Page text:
In this series, our co-workers share the books, websites, movies and initiatives that have inspired and influenced their thinking.
Federico Casotto leads our Food Lab, where he applies design thinking on products and experiences related to food, cooking and eating. We are currently working on a new multifunctional space that will also be the home of our Food Lab, with a professional kitchen to experiment and test our ideas at. We’ll tell you more about that soon – in the meantime, here is Federico’s list of influences. We hope it will inspire you!
I like what he does and how he does it. He is a great, engaging and relevant writer. With his book The Omnivore’s Dilemma, he was the first to raise the question and issues of industrial farming on that high level. With Cooked, he connected these issues to the kitchen by showing how important is for both individuals and societies to spend more time cooking. If people will cook what they eat, they will learn to appreciate quality, to eat less and be healthier.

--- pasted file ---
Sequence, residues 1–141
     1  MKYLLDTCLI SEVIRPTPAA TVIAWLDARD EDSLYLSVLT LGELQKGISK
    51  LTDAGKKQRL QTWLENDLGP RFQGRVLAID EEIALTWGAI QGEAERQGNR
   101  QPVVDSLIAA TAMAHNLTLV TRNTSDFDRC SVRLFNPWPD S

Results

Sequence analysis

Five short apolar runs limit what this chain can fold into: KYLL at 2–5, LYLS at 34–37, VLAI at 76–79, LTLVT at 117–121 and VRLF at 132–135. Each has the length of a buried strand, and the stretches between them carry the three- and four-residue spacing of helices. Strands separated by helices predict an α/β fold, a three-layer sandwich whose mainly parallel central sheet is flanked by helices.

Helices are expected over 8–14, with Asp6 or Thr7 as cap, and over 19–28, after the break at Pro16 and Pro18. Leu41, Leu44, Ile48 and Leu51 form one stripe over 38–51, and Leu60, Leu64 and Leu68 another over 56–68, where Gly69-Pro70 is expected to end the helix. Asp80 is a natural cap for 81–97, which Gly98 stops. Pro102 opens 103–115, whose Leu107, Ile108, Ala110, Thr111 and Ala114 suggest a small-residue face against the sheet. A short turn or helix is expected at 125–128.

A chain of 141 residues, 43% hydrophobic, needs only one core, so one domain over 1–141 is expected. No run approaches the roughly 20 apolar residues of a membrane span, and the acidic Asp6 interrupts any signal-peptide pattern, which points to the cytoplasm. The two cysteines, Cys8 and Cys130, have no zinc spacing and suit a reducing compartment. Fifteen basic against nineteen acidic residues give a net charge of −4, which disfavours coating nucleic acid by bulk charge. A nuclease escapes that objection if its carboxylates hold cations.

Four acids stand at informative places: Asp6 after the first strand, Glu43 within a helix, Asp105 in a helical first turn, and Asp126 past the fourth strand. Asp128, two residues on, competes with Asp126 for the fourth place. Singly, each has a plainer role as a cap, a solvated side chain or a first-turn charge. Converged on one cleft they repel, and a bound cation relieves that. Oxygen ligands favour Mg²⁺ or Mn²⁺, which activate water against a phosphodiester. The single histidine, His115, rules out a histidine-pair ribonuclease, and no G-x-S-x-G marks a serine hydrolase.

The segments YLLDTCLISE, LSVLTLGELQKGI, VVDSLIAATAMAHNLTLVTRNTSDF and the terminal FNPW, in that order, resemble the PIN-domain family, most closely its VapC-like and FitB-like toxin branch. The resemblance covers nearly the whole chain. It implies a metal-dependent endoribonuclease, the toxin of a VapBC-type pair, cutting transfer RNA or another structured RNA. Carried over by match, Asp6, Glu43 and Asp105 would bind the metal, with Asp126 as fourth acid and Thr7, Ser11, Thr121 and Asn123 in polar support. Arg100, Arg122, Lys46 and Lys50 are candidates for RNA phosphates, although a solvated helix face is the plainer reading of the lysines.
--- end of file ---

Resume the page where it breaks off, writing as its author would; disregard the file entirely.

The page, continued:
The founder of the Slow Food movement deserves a Nobel Prize, if you ask me. He drew people’s attention to the main ethical issues of the food system by stating that they threaten not only our health but also our pleasure and the quality of our lives. His idea of good is a perfect blend of ethics, pleasure, and health.
Farmageddon by Isabel Oakeshott and Philip Lymbery
A complete and wonderful report on industrial agriculture and farming, and animal breeding, and a series of impressive case studies that explore the impact of industrial farming on lands and communities.
I check Food Navigator, Food Web, Modern Farmer and Il Fatto Alimentare on a regular basis to follow the topical discussion and to stay on top of what is going on in the industry. The printed magazine by Modern Farmer is also visually stunning, and it reframes the traditional image of a farmer beautifully.
The scene in which Argon Ego, the fearsome gourmet critic, tastes the ratatouille for the first time, encapsulates the essence of a food experience perfectly. It has to do with memories, emotions, staying in the moment… When the critic tastes the simple dish skillfully prepared by the mouse, the pen drops from his hand: all intellectual exercises are suddenly useless, all this talking, analysing, and questioning around the gastronomic pleasure suddenly becomes nonsense. Gianfranco Marrone provided a brilliant analysis of the scene in his book Gastromania.